30 December 2012

Not Just a Math Teacher - You Know, (Insert Subject Here) Is Everyone's Job

The title is in jest - there really are so many aspects of education and learning in a high school that really are everyone's job. We have reading specialists, but we should all have our students reading subject appropriate texts and writing. I'm a math teacher, but I know the science teachers upstairs are teaching a whole lot of mathematics (and its always funny when we get together and share many of the same frustrations - they always think they're alone). We have business classes and personal finance, but every subject should be in the business of advertising real-world applications.

This op-ed from HuffPost jogged my memory tonight. ("Battle Unemployment By Focusing On Youth Career Education") This is where I'm at right now - many of my students will inevitably work their way through college, which means they're going to need marketable skills the day they receive their diploma, and I wonder how many of them will get it?

Here's the irony: the hard-working kid who's always had it tough and knows if they're going to college, it'll largely be on their own dime - those kids are the ones I see most motivated by tech school and getting in our co-op and CLP (Community Learning Program) courses. These kids get real job taste and always seem most ready for adulthood. The kids who slip through the job-skill cracks, who may potentially benefit most from every course integrating career readiness skills and discussing the very-near future are the "academic" kids who plan on just going to a university, but then have their plans foiled by life. Lost scholarships, chronic illness, family unrest, one or two poor decisions - these hit the "academic" kid hard, because he is thrust into the workforce competing with not only adults, but kids his own age who've been focusing on job skills for years by that point.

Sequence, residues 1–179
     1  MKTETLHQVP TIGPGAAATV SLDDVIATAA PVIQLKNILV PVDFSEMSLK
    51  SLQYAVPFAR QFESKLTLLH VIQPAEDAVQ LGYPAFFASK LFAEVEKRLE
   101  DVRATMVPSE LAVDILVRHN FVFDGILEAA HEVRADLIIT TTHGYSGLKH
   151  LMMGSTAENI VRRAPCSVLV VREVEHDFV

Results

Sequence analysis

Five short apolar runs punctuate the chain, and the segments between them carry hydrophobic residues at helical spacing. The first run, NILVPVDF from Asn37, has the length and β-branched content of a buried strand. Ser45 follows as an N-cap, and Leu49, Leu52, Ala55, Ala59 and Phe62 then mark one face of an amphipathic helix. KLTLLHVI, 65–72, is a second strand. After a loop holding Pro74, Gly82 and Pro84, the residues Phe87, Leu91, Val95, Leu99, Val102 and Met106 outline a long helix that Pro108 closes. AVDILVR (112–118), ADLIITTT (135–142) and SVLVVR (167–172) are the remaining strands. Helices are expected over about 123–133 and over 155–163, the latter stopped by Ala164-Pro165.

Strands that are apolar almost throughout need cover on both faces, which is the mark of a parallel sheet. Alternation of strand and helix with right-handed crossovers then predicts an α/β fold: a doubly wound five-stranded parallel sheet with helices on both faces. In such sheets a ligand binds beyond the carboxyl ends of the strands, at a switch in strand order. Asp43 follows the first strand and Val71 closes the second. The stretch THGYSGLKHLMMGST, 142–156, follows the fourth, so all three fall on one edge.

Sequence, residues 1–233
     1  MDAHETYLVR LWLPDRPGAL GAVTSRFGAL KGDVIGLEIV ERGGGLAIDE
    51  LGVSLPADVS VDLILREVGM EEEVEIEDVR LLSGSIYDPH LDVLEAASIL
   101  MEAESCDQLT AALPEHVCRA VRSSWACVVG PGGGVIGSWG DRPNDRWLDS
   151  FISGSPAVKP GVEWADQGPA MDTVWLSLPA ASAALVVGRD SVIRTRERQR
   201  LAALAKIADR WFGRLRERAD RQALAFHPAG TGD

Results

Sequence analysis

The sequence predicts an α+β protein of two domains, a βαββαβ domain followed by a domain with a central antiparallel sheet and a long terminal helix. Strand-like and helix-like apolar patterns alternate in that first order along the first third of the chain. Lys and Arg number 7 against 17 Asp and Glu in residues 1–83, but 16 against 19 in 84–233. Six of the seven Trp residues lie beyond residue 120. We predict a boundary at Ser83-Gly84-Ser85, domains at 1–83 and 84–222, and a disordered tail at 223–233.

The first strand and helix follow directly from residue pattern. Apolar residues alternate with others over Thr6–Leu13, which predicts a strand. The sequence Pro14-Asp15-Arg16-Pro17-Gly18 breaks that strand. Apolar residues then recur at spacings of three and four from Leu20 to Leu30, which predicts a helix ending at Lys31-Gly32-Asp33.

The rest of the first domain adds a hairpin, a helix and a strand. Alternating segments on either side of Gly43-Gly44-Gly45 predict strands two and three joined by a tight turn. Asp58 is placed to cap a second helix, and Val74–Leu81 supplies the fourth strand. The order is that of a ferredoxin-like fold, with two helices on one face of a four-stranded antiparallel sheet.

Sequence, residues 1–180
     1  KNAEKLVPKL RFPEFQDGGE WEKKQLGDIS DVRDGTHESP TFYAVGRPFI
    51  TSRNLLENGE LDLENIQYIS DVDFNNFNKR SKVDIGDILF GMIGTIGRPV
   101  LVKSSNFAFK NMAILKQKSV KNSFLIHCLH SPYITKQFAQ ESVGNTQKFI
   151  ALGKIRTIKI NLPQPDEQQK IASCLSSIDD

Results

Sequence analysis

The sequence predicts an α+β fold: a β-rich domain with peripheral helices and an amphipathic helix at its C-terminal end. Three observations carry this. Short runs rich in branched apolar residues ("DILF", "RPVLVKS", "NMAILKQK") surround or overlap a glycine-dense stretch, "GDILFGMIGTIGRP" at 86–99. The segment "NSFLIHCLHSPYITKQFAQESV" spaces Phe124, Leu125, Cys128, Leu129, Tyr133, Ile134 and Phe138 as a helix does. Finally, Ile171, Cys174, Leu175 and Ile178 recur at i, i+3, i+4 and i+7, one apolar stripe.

As the brick and mortar university dies, more students will be pulling double duty, which requires that we prepare students for the workforce in ways the American system probably hasn't for a couple of generations.

My district has a great career and technical ed program (as I'm sure others do), but the prevailing attitude right now is that the brightest kids go to the college-track courses and ambitious (but not bright) students take the career courses.

I'll leave you with a couple of graphics our Career and Technical Ed Coordinator, Jay Boleach, uses in his crusade to change the perception of these highly technical, fantastic programs.

This graphic most highlights a deficiency is skills that we ALL can work on in our courses - technology, interpersonal communication, and real writing. (More info on the STL State of the Workforce)
From St. Louis Community College State of the STL Workforce, 2012 New hires are frequently deficient in people and organizational skills 
From the MO Dept of Economic Development - The news here is obvious and doesn't really come as a surprise. As baby boomers age, they need more caretakers!
From 2008 MO Dept of Econ. Development: Healthcare is BIG in the future!
So what's the reaction? Do we dial back our school system to churn out vocations instead of students?

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Thanks for sharing!